As customers, why do we get annoyed when a store clerk is texting on their phone even though we don’t need them at the moment? Why do some of us walk out of a store simply because we weren’t acknowledged upon entry? Why do we feel slighted when we are told that we can’t do something as it is against policy even when it’s clear that we overlooked what was plainly stated on a receipt or sign in the store? Have we all become over-demanding customers with unreasonable expectations?
As a service provider, you may ask this question. You may fret at times wondering why customers act in ways like this especially when you think you are doing everything right; however, take some comfort in knowing that much of this behavior is largely because of how all of us are wired. People are inherently untrusting, not because of some flaw or social construct, rather, as a necessary part of our design.
Our brains are built to look for anything that could harm us because its first priority is our survival. Thus, our brains start from a position of distrust and apprehension. They are itching to find anything that might harm us and they do not see the difference in getting the wrong change in a store and a gun held to our head, both are registered simply as threats, and not just idle threats, our subconscious brains see any threat, even ones we might consciously think of as insignificant, as a threat to our very survival. It takes some effort on the part of others to help remove this armor we carry, no more so than at the outset of a relationship, particularly relationships like customer and seller where we are largely meeting for the first time and also carry potential negative emotional baggage from past experiences where things went poorly. Essentially, as a service provider, you have to go beyond the call of duty to make sure you portray how trustworthy you are and to lessen this natural tendency toward anxiety.
Modern science can shed some light on some of the perceptual features which, if missed, trigger subconscious anxiety that gets demonstrated in subtle resistance and difficulty, not necessarily outright anger.
It’s important to note that most of customer anxiety starts in the mind and is based on subconscious triggers. Thus, the best strategy is to preempt these subconscious fears and concerns rather than react to them after the fact.
Recent neuroscience spearheaded by David Rock, author of Your Brain at Work and founder of the NeuroLeadership Institute, has identified five fundamental triggers known by the acronym SCARF that register as threats in social situations like service interactions. Paying attention to even a few of these things can significantly build customer trust and subdue the subconscious triggers fueling resistance and anxiety.
Here are the SCARF components and a few ideas on how to leverage their potential for making service interactions more successful:
- Status: Our brains are more comfortable when we believe we are regarded with a level of recognition and esteem. Simply put, we like to feel some sense of importance; we like to be recognized as individuals who make some significant contribution. So some preemptive strategies to address status would be to personalize the experience by using people’s names whenever possible and appropriate, and to give people your undivided attention in interactions. Basic courtesy and respect is always appropriate and adds to making people feel the status they crave.
- Certainty: Our brains like to know what’s coming. They do not like walking down blind alleys in the dark. When we know what’s going to happen, even if it’s not so good, we feel more comfortable than being uninformed. With customers, keep them in the loop and let them know what to expect or where things are in the process. Tell them about products, the pros and cons; let them know all of the steps in a process, etc.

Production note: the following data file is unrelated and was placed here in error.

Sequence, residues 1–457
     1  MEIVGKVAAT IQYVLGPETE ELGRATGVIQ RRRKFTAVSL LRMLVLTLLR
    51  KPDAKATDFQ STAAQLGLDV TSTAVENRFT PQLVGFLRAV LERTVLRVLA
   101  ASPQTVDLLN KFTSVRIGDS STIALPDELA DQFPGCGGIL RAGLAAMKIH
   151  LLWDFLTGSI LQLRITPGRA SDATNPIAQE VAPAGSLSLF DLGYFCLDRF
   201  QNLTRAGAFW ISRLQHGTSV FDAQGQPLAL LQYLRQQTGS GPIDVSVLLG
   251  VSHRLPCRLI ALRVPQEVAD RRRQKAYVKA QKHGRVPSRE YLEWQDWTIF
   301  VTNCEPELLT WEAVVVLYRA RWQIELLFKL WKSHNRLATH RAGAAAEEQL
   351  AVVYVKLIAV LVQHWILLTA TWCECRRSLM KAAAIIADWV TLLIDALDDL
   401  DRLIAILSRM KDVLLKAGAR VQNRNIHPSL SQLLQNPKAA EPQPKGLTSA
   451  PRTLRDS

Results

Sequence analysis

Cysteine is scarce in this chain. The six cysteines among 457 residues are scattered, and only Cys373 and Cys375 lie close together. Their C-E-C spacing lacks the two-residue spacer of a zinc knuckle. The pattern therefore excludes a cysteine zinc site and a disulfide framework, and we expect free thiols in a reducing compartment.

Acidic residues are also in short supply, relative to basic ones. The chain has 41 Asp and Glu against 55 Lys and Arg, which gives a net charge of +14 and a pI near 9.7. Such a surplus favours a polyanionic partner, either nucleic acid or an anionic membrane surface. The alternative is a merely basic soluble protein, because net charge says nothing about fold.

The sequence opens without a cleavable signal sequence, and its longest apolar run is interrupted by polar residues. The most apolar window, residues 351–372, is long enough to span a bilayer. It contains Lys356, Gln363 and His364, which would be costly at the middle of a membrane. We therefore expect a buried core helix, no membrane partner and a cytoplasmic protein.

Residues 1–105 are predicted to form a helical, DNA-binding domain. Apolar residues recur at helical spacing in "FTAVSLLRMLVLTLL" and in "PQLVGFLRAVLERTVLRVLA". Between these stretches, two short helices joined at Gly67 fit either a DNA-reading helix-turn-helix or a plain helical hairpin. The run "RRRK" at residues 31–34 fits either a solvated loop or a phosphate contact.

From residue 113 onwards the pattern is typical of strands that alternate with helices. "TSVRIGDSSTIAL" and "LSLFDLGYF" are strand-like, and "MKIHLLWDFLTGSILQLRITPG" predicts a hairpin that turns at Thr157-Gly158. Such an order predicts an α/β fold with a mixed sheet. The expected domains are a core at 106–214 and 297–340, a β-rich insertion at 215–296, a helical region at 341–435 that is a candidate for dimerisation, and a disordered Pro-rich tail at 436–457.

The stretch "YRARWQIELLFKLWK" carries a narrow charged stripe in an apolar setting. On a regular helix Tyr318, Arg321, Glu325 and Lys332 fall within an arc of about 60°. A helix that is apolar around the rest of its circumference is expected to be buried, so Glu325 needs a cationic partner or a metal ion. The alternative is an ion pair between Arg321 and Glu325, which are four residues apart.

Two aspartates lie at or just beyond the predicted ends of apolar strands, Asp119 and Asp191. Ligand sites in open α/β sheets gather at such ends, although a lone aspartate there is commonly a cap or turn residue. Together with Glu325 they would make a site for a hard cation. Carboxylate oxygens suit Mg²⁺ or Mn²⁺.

- Autonomy: When we feel some sense of control, anxiety decreases. This means having choices, some decision-making ability, and the ability to have input into what’s happening. A best practice is to give customers choices whenever you can and to always encourage their input.
- Relatedness: Human beings are pack animals, we naturally need group interaction. This means we have a desire to be included and to belong. When we feel even nominally that we are not welcome, anxiety increases, so in customer interactions, this is why welcoming people and making them feel accepted is so important. However, the amount of this need for attention varies so a keen sensibility for people’s openness is required. At the least though, a smile and a greeting is rarely a bad thing. Be sure to make people feel that they belong and then gauge your continued interaction on their initial response.
- Fairness: We all like to feel that the playing field is level and that consideration for our needs is at least as important as consideration for other things. The continued adherence to policies rather than some reasonable consideration of alternative solutions is one typical way things are seen as unfair and will raise the alarm bells quite quickly. Simply showing a willingness to be flexible and look for solutions can be enough to make people feel they were treated fairly. Responding with a “here’s what we can do” attitude is a good strategy for moving the finger off of the subconscious trigger.
Doing even a few of the things listed above will significantly build customer trust and disarm the subconscious survival mechanism that sparks anxiety and resistance. This means better customer interactions, more and better communication, and ultimately more sales and higher revenue. Making a few behavioral tweaks can make all the difference. Just implement some or all of the steps above to reduce customer anxiety and improve your business.